They lived in a culture that was proud, self-sufficient, prosperous, not needing or wanting any outside help. They had everything they needed in a material sense. How would you say that compares to our culture? Does it sound familiar? Aren't we raised from childhood to be self reliant? The mantra in most schools today is "you can do whatever you put your mind to. You can be anything you want." The government is working hard at making all of us financially independent by the time we retire.
Even as a church we seem to be able to do whatever we need to, even if it means raising a bit more money each year. Some churches go even further and suggest that wealth and prosperity are the natural outcome of being faithful to God and if you're not wealthy then you mustn't be being faithful.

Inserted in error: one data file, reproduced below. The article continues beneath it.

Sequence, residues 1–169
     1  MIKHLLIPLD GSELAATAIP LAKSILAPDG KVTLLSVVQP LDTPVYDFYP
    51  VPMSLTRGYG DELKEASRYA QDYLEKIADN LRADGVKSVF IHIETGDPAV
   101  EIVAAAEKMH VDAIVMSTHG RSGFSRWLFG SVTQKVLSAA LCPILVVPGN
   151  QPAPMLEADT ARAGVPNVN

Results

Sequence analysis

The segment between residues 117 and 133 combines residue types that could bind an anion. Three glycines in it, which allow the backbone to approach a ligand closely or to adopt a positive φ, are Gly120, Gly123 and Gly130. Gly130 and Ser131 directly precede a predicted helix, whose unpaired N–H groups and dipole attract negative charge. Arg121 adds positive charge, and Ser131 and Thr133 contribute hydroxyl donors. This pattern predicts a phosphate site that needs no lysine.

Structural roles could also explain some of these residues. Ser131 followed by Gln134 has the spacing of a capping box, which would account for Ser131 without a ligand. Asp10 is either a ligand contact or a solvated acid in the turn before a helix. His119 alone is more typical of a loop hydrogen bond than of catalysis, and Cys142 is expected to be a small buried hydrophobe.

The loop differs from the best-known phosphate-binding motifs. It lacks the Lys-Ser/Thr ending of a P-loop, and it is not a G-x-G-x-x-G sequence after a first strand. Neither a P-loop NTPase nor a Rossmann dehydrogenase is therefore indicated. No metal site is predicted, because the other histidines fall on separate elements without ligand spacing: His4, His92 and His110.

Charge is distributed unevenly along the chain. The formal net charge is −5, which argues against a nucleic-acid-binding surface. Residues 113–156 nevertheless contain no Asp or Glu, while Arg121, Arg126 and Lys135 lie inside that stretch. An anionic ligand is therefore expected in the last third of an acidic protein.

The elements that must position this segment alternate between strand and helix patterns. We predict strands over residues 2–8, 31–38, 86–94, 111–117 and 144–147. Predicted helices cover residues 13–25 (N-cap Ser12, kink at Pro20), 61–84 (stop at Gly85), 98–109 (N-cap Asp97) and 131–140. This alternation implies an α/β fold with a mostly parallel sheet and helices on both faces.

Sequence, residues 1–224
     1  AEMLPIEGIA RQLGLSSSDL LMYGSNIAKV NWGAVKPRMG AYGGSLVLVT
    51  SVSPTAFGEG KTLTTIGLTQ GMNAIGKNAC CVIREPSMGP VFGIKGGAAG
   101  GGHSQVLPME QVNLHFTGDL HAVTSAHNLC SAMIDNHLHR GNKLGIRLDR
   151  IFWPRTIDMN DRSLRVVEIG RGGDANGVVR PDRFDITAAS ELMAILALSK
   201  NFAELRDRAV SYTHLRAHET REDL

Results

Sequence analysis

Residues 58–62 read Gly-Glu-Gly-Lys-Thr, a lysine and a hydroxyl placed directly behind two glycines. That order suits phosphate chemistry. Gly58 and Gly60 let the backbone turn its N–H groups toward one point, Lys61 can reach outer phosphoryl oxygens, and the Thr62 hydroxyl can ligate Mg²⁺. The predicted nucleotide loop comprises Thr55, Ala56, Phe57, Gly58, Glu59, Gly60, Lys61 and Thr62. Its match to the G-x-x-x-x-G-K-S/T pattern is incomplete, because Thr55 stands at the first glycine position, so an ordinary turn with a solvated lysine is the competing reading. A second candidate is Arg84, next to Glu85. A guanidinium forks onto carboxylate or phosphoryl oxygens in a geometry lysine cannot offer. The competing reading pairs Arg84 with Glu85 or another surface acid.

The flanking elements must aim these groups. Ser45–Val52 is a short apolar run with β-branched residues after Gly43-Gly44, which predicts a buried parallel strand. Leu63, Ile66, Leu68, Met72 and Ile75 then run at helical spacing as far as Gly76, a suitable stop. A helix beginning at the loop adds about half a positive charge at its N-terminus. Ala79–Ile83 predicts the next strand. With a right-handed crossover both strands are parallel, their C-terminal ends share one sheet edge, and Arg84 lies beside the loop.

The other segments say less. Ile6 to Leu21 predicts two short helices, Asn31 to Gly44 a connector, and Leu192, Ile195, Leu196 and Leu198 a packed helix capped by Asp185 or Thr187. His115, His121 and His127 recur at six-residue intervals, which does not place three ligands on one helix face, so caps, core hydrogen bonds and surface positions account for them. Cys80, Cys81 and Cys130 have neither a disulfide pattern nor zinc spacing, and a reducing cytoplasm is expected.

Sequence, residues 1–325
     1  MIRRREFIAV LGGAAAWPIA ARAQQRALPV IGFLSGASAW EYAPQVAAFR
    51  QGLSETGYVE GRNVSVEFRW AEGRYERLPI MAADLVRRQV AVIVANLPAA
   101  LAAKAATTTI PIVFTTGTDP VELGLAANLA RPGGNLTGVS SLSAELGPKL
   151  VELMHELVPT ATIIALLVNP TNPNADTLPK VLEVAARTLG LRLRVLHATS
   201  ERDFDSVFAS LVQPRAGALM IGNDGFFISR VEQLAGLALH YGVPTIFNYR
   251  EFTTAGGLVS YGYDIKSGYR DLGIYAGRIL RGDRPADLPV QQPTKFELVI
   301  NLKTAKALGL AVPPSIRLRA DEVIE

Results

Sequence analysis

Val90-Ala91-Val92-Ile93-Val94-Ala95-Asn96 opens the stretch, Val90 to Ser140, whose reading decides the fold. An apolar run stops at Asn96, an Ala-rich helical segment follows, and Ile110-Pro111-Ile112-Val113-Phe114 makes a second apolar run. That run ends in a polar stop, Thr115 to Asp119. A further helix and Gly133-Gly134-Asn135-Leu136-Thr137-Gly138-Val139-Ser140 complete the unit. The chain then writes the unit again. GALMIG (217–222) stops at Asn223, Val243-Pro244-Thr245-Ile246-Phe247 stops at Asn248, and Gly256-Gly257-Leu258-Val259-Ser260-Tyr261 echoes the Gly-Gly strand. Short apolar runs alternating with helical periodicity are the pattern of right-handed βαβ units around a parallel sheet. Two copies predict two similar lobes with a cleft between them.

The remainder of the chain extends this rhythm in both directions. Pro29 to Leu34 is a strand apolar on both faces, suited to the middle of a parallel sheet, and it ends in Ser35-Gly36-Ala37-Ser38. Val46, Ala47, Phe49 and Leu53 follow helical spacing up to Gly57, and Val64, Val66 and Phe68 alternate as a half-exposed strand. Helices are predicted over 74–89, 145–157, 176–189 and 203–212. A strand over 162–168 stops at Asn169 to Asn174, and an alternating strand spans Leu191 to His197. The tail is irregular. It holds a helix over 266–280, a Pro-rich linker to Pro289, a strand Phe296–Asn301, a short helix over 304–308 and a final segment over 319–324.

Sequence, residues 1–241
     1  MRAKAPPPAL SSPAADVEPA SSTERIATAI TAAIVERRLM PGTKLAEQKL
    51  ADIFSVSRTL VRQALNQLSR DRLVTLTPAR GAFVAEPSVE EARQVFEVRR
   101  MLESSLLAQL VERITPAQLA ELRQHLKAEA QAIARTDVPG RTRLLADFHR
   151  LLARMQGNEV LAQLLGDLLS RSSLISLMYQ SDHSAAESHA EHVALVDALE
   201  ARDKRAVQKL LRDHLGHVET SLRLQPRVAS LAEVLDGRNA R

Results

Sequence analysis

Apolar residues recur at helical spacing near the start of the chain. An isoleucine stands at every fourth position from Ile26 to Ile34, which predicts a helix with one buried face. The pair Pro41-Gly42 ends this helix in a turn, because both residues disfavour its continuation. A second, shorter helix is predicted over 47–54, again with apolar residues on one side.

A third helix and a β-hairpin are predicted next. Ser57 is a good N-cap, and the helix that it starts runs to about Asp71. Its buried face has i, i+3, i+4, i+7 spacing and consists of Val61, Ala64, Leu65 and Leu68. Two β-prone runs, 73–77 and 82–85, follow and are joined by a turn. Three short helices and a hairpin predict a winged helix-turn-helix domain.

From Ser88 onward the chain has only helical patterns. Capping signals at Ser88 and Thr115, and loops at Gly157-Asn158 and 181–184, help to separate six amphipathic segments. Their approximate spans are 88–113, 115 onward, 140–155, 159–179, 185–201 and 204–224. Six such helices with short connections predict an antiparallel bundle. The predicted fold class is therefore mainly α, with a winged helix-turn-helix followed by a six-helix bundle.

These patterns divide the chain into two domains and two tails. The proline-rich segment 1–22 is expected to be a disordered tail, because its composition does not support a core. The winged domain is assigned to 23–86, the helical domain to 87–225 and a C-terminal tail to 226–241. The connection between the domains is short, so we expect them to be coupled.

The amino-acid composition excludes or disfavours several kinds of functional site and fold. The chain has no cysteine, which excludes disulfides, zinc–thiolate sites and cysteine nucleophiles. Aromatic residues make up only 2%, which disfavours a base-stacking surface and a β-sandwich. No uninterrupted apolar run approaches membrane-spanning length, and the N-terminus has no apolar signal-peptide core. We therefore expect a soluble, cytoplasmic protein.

But most of that has nothing to do with what God's revealed to us in his word. Yes, he does promise to bless us if we're faithful, but often that blessing is of the sort promised here, a reward to those who conquer through persevering to the end; a reward of glory in God's heavenly kingdom. And in any case you don't need to think for very long about our current situation with a parish merger happening to realise just how much we're dependent on God for everything coming together.
Proverbs speaks a fair bit about wealth and it says two main things about it. First it says that wealth will be the result of us remaining faithful to God. God will reward those who trust him. That's the bit the prosperity teachers like. But then it goes on to warn that wealth is the greatest stumbling block to remaining faithful to God. Wealth is the thing that's most likely to trip us up if we're not careful about how we handle it.